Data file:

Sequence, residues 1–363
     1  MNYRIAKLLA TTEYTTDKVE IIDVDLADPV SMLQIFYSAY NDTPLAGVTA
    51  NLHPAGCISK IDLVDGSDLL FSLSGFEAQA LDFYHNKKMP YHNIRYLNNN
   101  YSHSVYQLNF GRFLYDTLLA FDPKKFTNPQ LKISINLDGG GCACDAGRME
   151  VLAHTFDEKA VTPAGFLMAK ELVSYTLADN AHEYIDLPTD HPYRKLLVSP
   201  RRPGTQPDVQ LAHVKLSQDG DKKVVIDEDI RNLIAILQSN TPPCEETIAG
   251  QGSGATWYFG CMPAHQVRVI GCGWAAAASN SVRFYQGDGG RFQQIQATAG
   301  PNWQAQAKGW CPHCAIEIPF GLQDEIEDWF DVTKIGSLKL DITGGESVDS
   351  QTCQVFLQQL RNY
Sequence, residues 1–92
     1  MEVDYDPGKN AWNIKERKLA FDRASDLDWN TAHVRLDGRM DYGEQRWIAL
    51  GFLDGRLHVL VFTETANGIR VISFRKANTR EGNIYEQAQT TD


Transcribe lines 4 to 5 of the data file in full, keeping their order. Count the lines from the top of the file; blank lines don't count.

   101  YSHSVYQLNF GRFLYDTLLA FDPKKFTNPQ LKISINLDGG GCACDAGRME
   151  VLAHTFDEKA VTPAGFLMAK ELVSYTLADN AHEYIDLPTD HPYRKLLVSP